Furthermore, Biden seems to only be talking about bombs and airstrikes by the Saudi coalition. This certainly is a major part of the suffering in Yemen, but definitely not all of it. The biggest threat to civilian life right now is the famine, mainly due to the naval blockade of the country. Biden had no words to address US support for that.
And get this, the US itself isn’t actually going to stop bombing Yemen! According to National Security Advisor Jake Sullivan, this decision will have NO impact on the US operations in the endless War On Terror against the ubiquitous threat of Al Qaeda. So whatever happens with the Saudi-Yemen war, the US will STILL be bombing and drone striking Yemenis. Drone strikes dramatically ramped up under Trump, and it is civilians who are always at the receiving end of these strikes.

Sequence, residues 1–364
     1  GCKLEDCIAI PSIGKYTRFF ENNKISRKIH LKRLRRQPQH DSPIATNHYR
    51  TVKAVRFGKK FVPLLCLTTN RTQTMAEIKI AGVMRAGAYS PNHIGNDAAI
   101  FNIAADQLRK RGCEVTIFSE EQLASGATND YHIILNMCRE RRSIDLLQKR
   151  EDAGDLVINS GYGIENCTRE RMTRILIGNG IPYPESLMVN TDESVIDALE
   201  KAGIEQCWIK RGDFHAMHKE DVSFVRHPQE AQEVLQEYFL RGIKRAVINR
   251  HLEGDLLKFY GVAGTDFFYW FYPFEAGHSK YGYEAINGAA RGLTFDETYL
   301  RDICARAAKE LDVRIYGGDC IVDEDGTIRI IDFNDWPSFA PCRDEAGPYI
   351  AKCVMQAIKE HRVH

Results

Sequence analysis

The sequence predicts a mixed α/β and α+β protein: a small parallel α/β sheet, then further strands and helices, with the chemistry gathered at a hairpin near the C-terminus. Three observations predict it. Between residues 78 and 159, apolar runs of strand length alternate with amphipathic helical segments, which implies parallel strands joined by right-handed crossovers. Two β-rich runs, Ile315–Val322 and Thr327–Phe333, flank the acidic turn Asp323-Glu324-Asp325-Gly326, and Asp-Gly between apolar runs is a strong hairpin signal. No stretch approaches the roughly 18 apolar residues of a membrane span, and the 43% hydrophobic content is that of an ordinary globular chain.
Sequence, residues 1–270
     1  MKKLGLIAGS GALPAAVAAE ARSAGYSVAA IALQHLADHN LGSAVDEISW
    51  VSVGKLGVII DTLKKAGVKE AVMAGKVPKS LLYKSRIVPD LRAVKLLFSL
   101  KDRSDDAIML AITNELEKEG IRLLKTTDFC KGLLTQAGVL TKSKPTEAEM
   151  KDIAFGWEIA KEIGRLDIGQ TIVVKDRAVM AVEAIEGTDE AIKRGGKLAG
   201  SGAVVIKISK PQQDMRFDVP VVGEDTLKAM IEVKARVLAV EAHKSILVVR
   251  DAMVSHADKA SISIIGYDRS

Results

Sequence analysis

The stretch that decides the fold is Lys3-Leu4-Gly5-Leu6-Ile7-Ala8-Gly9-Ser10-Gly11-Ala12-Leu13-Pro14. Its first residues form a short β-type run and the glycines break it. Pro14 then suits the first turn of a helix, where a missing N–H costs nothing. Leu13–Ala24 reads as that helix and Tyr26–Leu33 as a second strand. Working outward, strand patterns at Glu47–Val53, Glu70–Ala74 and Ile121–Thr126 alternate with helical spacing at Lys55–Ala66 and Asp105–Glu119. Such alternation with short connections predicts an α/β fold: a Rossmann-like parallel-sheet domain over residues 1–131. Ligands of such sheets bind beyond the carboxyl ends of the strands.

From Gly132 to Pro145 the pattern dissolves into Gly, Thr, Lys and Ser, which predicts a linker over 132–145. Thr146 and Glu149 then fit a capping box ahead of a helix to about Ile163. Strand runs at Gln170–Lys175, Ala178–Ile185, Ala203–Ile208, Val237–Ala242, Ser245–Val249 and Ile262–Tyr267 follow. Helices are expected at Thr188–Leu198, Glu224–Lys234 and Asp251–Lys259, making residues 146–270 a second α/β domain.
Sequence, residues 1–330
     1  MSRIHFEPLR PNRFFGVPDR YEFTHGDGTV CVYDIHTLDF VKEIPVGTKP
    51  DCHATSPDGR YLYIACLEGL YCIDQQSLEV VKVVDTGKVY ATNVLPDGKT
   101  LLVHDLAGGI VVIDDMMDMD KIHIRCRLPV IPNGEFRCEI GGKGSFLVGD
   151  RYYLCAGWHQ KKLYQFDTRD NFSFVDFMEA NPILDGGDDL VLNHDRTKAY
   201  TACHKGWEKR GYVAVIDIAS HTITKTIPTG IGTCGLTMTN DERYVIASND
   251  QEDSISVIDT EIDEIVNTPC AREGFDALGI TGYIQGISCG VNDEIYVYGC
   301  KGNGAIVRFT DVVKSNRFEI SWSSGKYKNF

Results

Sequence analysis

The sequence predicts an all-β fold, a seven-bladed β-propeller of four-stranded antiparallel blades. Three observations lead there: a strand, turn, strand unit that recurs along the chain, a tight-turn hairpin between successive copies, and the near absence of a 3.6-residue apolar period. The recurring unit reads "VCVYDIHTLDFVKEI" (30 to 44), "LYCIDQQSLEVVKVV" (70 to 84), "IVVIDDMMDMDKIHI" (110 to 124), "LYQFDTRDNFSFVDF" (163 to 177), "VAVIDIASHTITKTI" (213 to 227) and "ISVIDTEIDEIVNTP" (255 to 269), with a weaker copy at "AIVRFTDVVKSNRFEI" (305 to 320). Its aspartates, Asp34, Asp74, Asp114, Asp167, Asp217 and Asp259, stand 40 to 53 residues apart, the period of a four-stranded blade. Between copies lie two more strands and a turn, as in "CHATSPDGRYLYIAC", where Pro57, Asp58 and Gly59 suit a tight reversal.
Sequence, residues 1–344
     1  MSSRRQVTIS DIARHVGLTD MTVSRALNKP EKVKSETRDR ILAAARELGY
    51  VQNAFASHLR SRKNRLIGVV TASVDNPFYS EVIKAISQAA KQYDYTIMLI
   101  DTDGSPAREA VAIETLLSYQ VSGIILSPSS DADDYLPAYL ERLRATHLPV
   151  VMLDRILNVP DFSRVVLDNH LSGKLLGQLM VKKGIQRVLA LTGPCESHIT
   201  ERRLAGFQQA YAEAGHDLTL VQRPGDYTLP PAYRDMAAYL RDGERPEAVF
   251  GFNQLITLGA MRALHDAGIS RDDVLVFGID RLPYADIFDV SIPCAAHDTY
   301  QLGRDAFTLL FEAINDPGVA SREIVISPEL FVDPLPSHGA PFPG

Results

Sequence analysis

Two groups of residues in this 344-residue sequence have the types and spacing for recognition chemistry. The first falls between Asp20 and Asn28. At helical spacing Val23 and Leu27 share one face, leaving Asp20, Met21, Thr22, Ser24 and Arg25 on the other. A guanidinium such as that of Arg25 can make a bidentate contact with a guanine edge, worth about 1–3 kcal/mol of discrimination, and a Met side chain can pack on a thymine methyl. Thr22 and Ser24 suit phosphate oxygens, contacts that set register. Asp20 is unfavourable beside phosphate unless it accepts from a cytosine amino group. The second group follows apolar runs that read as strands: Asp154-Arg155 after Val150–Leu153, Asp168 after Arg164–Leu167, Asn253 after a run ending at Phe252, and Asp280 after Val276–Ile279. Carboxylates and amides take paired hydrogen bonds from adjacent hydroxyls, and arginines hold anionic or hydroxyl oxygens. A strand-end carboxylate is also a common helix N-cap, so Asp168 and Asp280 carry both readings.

Another policy shift came from the reversal of Mike Pompeo’s last minute decision to designate the Houthi rebels a terrorist organization. Biden said Friday he would remove this designation to help Yemen get critical aid. While that’s a positive change, Secretary of State Antony Blinken is still talking about sanctioning the Houthis, who he claims controls 80% of Yemeni territory. If sanctions are imposed on 80% of the country, it is hard to see how the humanitarian assistance that is so desperately needed will be distributed, even with the removal of the “terrorist” designation.
Yemen’s politicians have weighed in on how they view the new administration’s actions. Mohammed Ali al-Houthi, a member of Yemen’s Supreme Political Council said: